der the skin, supposed by Krause (Baker's Kirk, page 427) to be between two and three millions in number in the parts where they are least abundant they are over four hundred to the square inch offers evidence of a physiological character on the point, even if, as is stated, some small part of skin perspiration takes place independently of these glands. Then we have the evidence of the disagreeable odor from the skin and clothes where cleanliness is not observed; again, we have the curious facts of death having both actually and nearly occurred in cases where the body has been covered (the mouth having been left free) with gold-leaf or plaster of Paris. Various explanations have been given, but Prof. Foster seems to think (page 697) that the retention of poisonous matters "constituents of sweat, or the products of some abnormal metabolism" (change) which would have been discharged through the sweat-glands, is largely concerned in the matter. We venture to believe quite independently of certain experiments that this conclusion can not be avoided.
We have also a most remarkable case recorded by Sir D. Galton. Some men in the horse artillery had left their bedding rolled up for two months, without its being opened to the air. When first used again, man after man who had slept on this bedding came into hospital with "a suspicious fever." It would be difficult to find a case that more vividly illustrates both the poisonous character of the emanations of the body and the necessity of free ventilation in order to render them harmless. Again, when serious consequences result from a chill owing to the constriction of the blood-vessels of the skin and interference with the sweatglands such as a dangerous affection of the kidneys (Richardson, page 283), or a congestion of the spleen (Richardson, page 307), or the inflammation of bone and periosteum (Richardson, page 323), it seems probable that the cause of mischief in all these cases is either the retention of normal poisons that ought to have escaped through the skin, or the formation of abnormal poisons during the inaction of the skin. [We think it is Dr. Richardson who makes this suggestion.] Again, the fetid exhalations from lungs and skin in starvation seem to show that the breaking down of tissue, which is very rapid in these cases, is resulting in a larger discharge than usual, through skin and lungs, of putrescent matter.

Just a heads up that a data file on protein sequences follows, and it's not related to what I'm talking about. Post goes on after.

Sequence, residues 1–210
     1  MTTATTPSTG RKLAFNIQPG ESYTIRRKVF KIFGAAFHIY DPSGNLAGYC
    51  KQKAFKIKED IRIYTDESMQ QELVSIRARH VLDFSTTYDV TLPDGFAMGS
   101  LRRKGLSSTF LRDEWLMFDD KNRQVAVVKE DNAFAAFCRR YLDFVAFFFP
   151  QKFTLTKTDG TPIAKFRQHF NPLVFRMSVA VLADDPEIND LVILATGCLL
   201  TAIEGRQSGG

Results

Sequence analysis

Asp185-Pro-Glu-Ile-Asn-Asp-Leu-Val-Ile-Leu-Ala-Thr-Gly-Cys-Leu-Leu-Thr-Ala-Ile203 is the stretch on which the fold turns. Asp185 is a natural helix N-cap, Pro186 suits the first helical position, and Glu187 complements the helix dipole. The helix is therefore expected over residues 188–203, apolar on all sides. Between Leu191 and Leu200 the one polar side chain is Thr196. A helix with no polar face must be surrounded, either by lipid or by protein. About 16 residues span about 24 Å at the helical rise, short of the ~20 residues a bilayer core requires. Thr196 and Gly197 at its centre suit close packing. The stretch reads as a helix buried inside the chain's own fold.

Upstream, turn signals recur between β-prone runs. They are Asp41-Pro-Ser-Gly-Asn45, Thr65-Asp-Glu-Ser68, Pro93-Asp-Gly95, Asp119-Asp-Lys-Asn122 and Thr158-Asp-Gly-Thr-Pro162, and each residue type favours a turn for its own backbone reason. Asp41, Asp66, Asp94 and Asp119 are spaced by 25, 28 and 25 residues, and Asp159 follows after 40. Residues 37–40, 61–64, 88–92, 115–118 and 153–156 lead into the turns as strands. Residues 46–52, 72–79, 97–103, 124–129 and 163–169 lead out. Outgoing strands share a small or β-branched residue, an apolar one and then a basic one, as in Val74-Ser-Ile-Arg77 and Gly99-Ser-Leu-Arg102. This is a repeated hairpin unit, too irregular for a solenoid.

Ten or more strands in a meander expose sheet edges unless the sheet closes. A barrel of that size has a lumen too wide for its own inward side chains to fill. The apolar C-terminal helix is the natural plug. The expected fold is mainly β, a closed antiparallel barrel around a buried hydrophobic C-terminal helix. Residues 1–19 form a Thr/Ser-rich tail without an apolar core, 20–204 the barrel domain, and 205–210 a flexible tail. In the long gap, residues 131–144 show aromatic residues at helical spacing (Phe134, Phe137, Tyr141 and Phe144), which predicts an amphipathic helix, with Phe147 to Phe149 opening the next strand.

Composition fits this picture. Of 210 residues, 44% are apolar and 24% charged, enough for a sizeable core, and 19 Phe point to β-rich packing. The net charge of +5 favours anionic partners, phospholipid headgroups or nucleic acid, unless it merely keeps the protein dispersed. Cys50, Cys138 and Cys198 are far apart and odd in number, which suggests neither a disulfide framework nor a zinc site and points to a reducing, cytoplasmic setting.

From what has been already said, we ought not to feel surprised that those who live in foul air are not only lowering their health, but are carefully preparing themselves both for lung and bronchial affections, and for such diseases as scarlet fever, typhoid, small-pox, dipththeria, dysentery, cholera, etc. As regards cholera, we extract the following interesting account given by Dr. Carpenter. He states (page 360) that in the fatal autumn of 1849 there was at Taunton an exceedingly badly ventilated workhouse. In